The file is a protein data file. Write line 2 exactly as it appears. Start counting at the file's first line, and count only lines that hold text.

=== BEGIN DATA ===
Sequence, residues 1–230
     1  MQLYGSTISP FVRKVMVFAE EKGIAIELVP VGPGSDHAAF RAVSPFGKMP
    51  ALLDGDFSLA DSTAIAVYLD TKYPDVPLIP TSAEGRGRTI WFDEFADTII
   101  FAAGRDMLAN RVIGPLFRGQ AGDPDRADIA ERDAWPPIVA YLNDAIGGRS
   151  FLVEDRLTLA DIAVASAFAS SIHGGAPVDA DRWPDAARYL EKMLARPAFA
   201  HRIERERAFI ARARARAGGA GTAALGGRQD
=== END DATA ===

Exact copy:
     1  MQLYGSTISP FVRKVMVFAE EKGIAIELVP VGPGSDHAAF RAVSPFGKMP